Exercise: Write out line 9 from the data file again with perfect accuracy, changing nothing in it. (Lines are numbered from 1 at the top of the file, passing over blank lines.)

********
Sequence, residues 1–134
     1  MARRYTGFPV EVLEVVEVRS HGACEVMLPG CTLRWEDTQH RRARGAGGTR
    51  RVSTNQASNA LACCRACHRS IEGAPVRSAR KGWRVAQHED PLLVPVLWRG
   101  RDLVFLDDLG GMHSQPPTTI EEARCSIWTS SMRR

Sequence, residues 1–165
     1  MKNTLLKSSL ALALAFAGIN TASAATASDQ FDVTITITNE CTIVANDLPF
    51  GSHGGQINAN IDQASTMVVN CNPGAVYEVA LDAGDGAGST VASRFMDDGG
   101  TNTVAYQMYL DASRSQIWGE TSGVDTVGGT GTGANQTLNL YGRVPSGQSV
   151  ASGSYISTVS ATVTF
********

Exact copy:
   151  ASGSYISTVS ATVTF